What has long been the custom in Cologne carnival and in the German armed forces could now also find its way into the Vatican: The new commander of the Papal Swiss Guard does not rule out opening up the traditional force to women. Recruiting female soldiers could be possible, Guard chief Daniel Anrig, who has been in office since December, said Tuesday on Italian television. He himself could imagine guardswomen "for one or another task". Such a step lies however still in the far future. The 32 recruits who will be sworn in today are still men in any case.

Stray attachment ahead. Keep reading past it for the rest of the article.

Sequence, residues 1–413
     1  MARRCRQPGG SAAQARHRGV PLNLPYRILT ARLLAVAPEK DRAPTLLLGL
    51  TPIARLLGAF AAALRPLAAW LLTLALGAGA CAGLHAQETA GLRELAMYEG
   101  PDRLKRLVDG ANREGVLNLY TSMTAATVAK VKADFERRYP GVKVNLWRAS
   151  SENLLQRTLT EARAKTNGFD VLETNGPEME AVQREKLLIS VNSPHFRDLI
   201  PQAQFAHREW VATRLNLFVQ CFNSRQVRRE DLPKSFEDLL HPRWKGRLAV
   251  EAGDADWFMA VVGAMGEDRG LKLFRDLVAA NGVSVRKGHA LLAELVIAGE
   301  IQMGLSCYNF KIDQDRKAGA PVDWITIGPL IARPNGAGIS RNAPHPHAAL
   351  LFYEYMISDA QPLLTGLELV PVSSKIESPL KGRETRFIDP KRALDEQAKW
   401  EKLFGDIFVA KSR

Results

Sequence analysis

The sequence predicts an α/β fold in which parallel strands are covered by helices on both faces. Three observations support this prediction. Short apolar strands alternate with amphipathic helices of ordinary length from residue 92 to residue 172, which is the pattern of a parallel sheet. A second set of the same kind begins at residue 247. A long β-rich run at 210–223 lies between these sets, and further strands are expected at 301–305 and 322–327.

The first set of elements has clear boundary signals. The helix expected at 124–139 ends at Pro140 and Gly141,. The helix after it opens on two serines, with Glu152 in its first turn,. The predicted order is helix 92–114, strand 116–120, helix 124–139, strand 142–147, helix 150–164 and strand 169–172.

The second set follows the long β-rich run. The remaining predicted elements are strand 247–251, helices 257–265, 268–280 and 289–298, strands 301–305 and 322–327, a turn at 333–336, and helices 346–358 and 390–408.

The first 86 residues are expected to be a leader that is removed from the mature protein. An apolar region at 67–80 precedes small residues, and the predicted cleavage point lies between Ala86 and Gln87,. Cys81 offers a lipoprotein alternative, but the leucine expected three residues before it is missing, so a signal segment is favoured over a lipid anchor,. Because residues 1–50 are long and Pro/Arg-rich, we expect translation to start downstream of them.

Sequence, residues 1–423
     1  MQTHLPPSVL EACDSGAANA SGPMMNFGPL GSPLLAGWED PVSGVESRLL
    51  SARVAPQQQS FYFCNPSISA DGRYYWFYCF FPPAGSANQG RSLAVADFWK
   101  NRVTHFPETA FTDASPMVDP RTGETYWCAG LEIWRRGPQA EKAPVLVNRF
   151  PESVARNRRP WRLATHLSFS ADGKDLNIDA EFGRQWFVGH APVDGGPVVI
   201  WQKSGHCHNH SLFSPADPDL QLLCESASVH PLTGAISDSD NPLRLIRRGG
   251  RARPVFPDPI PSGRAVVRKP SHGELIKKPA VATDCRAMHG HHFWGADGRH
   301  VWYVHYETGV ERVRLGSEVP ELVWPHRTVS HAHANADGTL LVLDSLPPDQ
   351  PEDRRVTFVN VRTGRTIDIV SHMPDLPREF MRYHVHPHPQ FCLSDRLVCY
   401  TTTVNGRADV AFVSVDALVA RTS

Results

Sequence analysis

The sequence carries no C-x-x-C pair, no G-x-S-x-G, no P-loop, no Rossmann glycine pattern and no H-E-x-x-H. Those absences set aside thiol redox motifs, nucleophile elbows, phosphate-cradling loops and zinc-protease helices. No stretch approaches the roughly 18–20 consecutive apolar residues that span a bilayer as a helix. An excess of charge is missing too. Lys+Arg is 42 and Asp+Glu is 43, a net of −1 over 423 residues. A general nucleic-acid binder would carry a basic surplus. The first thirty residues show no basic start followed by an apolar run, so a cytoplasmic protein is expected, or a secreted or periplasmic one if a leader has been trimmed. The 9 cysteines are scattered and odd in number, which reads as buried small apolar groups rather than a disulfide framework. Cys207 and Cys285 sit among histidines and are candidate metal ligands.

Anrig did not elaborate on whether the female soldiers could also be used in close protection of the pope. In response to a question from the Catholic News Agency (KNA), Guard spokesman Tiziano Guarneri specified that there were logistical hurdles to overcome before women could be accepted into the Pope's force, among other things. The current barracks are not suitable for co-location of men and women, he said. The possibility of female guardsmen would have to be well examined; that would "take a lot of time," Guarneri said. At present, he said, it is also unclear whether Anrig's idea of opening up the Guard also exists on the part of the Vatican leadership. Anrig's predecessor, Elmar Mader, had always stressed on the same question that there would be no mixed-sex corps under his command. "Males and females in a relatively small space, at some point that leads to disciplinary problems," Mader said in an interview on the 500th anniversary of the Guard in 2006. The Swiss Guard is the protection force of the popes. Their target strength is 110 men. So far, only single catholic men who have done military service in their Swiss homeland can become members. They must be at least 1.74 meters tall and no older than 30 when they enter the church. Officers and longer-serving Guardsmen are allowed to marry. This Wednesday, the Guard will swear in 32 new recruits. After a mass in St. Peter's Basilica with Cardinal Secretary of State Tarcisio Bertone, the new members of the Guard take their oath of office to the Pope in the Damasus Courtyard of the Apostolic Palace. The traditionally on 6. May swearing-in ceremony commemorates the Guard's fight against the marauding mercenaries of Emperor Charles V. at the "Sacco di Roma" in 1527. At that time 147 guardsmen died defending Pope Clement VII.